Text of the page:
2011 Medal Winners | francais

The 2011 CAP Award for Excellence in Teaching High School/CEGEP Physics (Atlantic)

is awarded to

Ian Fogarty

"There are so many great teachers of physics, I feel quite honored and privileged to be in their company. I stand on the shoulders of giants. The students who come to me are ready to learn and this is a credit to the hard work from all their previous teachers, coaches and families. I get to explore new pedagogies, labs and activities because I have great kids at a great school in a great district." winner citation

The Canadian Association of Physicists (CAP) is pleased to announce that the 2011 CAP Award for Excellence in Teaching High School/CEGEP Physics (Atlantic) is awarded to Ian Fogarty, Riverview High School (Riverview, NB), in recognition of his novel work in using technology to advance learning in physics. Ian is one of Canada's most innovative high school physics teachers. He is at the forefront of integrating technology and experiential learning. From getting students to employ stop-frame analysis of action movies to figure out whether or not the scenes could actually occur, to racing remote-controlled vehicles to understand acceleration, wind resistance, and centre-of-gravity, Ian Fogarty continually seeks new ways to engage a broader range of students. The CAP is proud to recognize Ian for his outstanding contributions. announcement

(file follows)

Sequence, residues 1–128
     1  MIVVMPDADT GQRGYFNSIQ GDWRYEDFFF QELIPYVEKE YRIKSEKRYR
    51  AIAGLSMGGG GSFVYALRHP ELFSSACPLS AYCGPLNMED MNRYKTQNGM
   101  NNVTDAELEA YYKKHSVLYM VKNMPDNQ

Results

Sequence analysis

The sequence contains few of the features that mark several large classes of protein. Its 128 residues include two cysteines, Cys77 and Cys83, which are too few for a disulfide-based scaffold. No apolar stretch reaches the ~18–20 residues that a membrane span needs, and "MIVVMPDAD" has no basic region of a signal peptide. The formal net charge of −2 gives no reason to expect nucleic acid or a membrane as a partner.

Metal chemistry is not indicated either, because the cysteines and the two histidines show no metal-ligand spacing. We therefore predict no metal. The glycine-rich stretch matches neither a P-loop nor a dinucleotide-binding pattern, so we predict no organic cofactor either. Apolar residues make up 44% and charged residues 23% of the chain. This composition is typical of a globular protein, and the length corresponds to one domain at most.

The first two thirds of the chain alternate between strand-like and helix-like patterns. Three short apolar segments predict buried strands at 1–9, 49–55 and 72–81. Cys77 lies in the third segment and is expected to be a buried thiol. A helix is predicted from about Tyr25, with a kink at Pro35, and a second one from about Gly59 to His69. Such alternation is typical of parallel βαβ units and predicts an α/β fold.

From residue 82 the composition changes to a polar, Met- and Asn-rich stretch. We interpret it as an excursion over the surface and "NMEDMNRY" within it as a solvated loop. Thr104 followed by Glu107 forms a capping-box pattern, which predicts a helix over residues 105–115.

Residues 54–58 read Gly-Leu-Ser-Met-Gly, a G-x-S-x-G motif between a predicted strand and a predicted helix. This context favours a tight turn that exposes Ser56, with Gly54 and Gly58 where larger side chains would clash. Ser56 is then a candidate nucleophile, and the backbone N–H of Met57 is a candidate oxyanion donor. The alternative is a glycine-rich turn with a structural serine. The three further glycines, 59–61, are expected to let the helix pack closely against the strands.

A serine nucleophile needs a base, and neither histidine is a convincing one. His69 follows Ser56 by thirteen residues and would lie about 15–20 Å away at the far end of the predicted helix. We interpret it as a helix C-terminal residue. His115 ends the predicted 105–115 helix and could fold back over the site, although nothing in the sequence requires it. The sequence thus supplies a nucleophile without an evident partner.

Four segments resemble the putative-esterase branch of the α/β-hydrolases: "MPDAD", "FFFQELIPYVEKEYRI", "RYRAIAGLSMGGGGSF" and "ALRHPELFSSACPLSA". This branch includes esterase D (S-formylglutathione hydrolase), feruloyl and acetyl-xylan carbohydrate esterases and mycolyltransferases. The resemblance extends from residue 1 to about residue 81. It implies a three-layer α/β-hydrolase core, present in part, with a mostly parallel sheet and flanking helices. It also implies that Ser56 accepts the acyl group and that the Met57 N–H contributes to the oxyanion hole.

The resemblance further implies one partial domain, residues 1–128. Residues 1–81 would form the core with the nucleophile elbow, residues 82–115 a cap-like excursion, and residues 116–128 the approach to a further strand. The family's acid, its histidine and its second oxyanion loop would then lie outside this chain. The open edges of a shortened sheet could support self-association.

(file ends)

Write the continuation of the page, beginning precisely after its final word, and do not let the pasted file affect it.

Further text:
Ian Fogarty has been teaching at Chemistry and Physics at Riverview High School for the decade. RHS and NB District #2 has been a wonderfully supportive place to teach, learn and grow.

Ian emphasizes the importance of thinking problems through and applying the sciences to real life situations that now includes technology. “We could cover more material and students would know more formulas. However, I choose depth to develop the capacity of the brain. I could just tell students the answers and they would get them right on the test. But I want to take them on a thought process. I want them to question what I say and struggle with the answers. They need to design a lab, fail, retry and succeed. I want my students to be smarter, not just know more.”

It is common to see Ian’s students video taping a bike skidding outside to measure friction, jumping off the diving board at the pool to measure buoyancy , or racing Remote Controlled Cars to get different kinds of graphs. Field trips often include a visit to the park to discover pendulums, levers, and centripetal motion. Some of his students have decided to become elementary school teachers after they had to teach a grade 5 class about inclined planes on the toboggan hill or friction with tug of war. Ian is most happy when groups of students arrive on a Monday morning upset because while they were out on the weekend, something happened like a sunset, or rainbow, or a stunt on a movie, and they thought of the physics and exclaim, “Fogarty”.

Ian learns and teaches all the time inside and outside of RHS. “I have been extremely fortunate to surround myself with wonderful students and teachers as I work at RHS, School District 2, New Brunswick and around the world”. He is the director of the UNB chapter of the prestigious Shad Valley International program where he gets to work with top students from all over Canada. Ian presents his experience and educational research with colleagues in the city, at international conferences and informal skypes.

“Teaching might possibly be simultaneously the most demanding, crucial and most fun job in the world.“ nominator citation

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